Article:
We’ve learned that some variants of SARS-CoV-2 are more transmissible. Equally troubling is the possibility that future variants — or ones currently circulating off our radar — will in some way compromise our natural immune response, complicating our ability to treat critically ill Covid-19 patients with the antibodies of those who recovered from the disease. In my previous story for this series, I discussed how the evolution of human coronaviruses more broadly gives us insight into what we might expect from SARS-CoV-2. The same is true of influenza viruses.
Waves of influenza, like cold-causing coronaviruses, don’t come and go at random. They’re seasonal, recurring in patterns we can anticipate and plan interventions around after tracking them for many years. This we know. Why, though, do the dominant strains of influenza vary from one year to the next? Is there a linear evolutionary pathway to be traced from one strain to another, just as we’re attempting to do with SARS-CoV-2?
A study published in 2017, coauthored by some of the same researchers behind the preprint on coronavirus evolution I analyzed previously, proposes a theory of influenza evolution that might just apply to Covid-19, too. According to this theory, the viruses that cause both diseases evolve across multiple scales — in individuals, between individuals, and around the globe.
Most of us, when we catch either of these viruses, will develop a transient infection — meaning the duration of our sickness has a definite beginning and end. But a small fraction of people develop prolonged infections, either stretching on for weeks or months without pause or subsiding only to return with a vengeance. Chinese health authorities estimate that for Covid-19, this population of long-term shedders is as high as five percent.
The reasons for persistence of infection vary, and in some cases elude us. One explanation consistent with both Covid-19 and the flu is that some patients are immunocompromised, unable to generate an immune response vigorous enough to clear out the virus once and for all. It is also the case that either virus, if allowed an extended stay in a human host, has more time and space to alter itself in advantageous ways. Single mutations, as well as multiple co-occurring mutations, can change the face of the viral genome and, once replicated enough, become the norm, rather than the exception. In other words, an immunocompromised host gives the virus, which mutates constantly anyway, an opportunity to incubate a better version of itself — and by that I mean better for the virus, not necessarily us.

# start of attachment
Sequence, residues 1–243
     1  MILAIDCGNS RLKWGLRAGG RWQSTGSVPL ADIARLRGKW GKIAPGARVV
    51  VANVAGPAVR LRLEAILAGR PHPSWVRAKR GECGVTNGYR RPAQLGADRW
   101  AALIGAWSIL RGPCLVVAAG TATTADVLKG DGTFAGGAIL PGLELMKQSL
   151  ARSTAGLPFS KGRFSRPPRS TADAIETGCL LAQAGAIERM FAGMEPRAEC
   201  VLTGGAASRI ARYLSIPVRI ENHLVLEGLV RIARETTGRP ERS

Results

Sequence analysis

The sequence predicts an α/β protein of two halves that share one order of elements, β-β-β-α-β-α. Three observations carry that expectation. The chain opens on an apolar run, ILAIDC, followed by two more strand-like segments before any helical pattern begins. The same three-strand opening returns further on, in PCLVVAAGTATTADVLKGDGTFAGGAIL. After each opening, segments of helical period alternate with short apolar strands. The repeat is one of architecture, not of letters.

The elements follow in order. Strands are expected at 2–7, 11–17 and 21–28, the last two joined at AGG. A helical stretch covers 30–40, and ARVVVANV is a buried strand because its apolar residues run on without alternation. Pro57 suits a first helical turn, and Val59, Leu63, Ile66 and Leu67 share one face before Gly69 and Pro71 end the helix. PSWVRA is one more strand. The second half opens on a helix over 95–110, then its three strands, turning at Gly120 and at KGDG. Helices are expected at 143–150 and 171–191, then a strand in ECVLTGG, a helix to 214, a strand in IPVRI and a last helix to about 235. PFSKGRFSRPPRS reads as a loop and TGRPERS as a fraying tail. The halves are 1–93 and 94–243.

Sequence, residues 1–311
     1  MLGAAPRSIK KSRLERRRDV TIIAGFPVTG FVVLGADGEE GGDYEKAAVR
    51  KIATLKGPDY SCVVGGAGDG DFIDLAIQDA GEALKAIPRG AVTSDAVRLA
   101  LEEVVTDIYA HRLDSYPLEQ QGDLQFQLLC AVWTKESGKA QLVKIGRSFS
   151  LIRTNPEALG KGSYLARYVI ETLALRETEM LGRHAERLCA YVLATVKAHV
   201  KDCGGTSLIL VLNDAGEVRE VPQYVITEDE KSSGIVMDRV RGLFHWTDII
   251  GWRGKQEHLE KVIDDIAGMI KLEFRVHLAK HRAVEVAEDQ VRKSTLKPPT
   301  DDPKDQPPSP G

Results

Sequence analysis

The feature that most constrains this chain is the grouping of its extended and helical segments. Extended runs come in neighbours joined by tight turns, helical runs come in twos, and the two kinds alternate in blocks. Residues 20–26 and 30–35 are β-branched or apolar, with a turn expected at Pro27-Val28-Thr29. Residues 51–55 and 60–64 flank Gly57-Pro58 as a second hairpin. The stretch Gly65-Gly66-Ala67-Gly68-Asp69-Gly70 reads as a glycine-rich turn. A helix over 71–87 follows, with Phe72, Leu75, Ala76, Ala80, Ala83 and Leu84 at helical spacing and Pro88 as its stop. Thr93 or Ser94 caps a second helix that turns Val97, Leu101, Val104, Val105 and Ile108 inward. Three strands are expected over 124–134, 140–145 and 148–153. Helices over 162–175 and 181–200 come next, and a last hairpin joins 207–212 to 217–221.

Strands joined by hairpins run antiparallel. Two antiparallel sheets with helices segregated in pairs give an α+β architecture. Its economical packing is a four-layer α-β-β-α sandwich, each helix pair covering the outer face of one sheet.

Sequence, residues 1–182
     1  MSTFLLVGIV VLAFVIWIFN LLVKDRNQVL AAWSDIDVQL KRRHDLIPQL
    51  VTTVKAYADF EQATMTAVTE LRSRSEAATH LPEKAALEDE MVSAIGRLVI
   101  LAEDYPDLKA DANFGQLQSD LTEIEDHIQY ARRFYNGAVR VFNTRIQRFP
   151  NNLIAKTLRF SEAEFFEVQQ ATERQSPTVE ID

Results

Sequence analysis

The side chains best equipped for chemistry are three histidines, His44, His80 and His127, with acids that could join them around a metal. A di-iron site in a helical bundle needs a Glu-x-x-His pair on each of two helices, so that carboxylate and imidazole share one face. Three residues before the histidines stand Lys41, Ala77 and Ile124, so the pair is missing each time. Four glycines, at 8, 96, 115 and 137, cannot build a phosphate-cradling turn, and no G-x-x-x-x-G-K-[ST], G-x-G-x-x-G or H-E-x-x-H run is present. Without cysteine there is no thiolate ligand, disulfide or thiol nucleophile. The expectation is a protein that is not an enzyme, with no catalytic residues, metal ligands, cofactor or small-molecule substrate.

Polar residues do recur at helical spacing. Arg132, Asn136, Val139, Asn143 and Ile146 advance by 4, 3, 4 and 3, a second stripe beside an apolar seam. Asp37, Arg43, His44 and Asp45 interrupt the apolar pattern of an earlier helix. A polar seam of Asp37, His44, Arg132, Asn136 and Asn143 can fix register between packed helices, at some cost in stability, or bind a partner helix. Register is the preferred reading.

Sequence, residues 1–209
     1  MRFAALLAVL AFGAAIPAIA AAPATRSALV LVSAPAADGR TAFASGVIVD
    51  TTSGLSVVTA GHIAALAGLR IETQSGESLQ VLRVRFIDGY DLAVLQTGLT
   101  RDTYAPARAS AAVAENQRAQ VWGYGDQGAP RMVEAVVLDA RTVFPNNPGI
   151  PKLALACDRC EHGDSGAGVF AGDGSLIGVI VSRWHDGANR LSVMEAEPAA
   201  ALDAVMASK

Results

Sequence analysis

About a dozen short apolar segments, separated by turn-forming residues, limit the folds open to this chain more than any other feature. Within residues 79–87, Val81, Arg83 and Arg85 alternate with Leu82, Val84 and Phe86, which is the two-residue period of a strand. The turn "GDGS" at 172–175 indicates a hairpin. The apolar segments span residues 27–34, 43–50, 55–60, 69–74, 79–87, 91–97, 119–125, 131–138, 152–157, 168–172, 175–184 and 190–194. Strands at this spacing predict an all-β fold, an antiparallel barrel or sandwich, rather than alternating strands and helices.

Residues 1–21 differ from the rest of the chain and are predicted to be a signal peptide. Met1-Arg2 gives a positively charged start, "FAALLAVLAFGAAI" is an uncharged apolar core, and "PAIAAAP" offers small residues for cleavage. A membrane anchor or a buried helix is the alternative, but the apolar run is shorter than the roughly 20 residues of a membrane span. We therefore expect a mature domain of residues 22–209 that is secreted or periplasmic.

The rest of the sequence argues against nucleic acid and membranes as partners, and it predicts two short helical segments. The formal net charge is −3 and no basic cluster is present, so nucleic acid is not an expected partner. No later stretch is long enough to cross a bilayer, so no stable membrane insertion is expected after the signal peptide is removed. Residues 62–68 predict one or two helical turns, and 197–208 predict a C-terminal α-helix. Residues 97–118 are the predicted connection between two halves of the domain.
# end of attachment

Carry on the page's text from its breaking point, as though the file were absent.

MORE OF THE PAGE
We’ve already seen this process in action with SARS-CoV-2. Early on in this series, I described a case study of a man who was hospitalized twice with Covid-19, first in May then in August of 2020. Prior to contracting the virus, the man was already living with lymphoma and receiving treatment known to have immunosuppressive effects. He eventually succumbed to the disease, but before he did researchers sampled and sequenced the virus in his body more than 20 times. Remarkably, some of the mutations they observed in his viral RNA can now be found in the SARS-CoV-2 variants currently circulating around Europe, South America, and other parts of the world. One example is the H69-V70 deletion, a mutation of the N-terminal domain also seen in the so-called UK variant B.1.1.7.
The 2017 study documents the same phenomenon, but with the influenza virus. Using samples from not one but four immunocompromised cancer patients, all who had prolonged flu infections, the researchers observed the same mutations arising frequently and independently in multiple hosts. For SARS-CoV-2, mutations that occur in and around the spike protein — which the virus uses to bind to and hijack our cells — have been the primary focus and worry. In the influenza genome, it was another surface protein known as hemagglutinin that researchers flagged as a hotspot for variation. In both cases, specific mutations occur in specific places in viral genomes found in specific patients — in addition to being identified in variants that occur globally. The researchers studying the flu called these “parallel mutations.”
There are two possible explanations for why parallel mutations occur. One option is that new variants of SARS-CoV-2 and influenza actually have their origins in immunocompromised patients. The other — less linear, more diffuse — option is simply that a virus’s drive and tendency towards change is as active and dynamic in the human body as it is in human populations. Either way, it begins to make more sense that the same infinitesimal changes to SARS-CoV-2, in some cases limited to a single amino acid, are popping up in different parts of the world. Expose the virus to similar selective pressures and challenges — namely, partial immunity — and it will adapt in similar ways.
If I were to make a prediction based on what we’ve seen of SARS-CoV-2 and its capacity for variation so far, I’d say it is much more like influenza than any other virus we know of. To prepare ourselves accordingly, we must adjust our vaccine development pipelines and public health interventions more broadly to account for emergent and future variations. Otherwise we’ll be setting ourselves up to be blindsided yet again — against our best interests, and in favor of the virus’s.
Random variation is an essential component of all living things. It drives diversity, and it is why there are so many different species. Viruses are no exception. Most viruses are experts at changing genomes to adapt to their environment. We now have evidence that the virus that causes Covid, SARS-CoV-2, not only changes, but changes in ways that are significant. This is the sixth part of a series of articles on how the virus changes and what that means for humanity. Read the rest: part one, part two, part three, part four, part five, part six, and part seven.